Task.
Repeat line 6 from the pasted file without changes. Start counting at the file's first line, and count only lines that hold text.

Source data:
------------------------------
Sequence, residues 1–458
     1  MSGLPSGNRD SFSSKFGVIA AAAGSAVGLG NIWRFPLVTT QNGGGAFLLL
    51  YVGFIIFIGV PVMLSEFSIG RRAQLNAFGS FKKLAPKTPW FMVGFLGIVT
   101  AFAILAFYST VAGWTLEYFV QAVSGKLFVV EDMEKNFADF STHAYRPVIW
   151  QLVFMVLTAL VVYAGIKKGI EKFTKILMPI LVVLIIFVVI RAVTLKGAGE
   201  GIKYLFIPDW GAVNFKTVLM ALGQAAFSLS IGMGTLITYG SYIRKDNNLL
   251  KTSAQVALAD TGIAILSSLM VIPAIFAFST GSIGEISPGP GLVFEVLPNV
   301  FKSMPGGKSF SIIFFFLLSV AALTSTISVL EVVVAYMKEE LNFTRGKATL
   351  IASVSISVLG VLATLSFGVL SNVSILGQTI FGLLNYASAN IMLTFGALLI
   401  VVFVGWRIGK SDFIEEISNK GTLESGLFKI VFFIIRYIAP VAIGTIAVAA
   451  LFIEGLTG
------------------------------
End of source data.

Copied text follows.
   201  GIKYLFIPDW GAVNFKTVLM ALGQAAFSLS IGMGTLITYG SYIRKDNNLL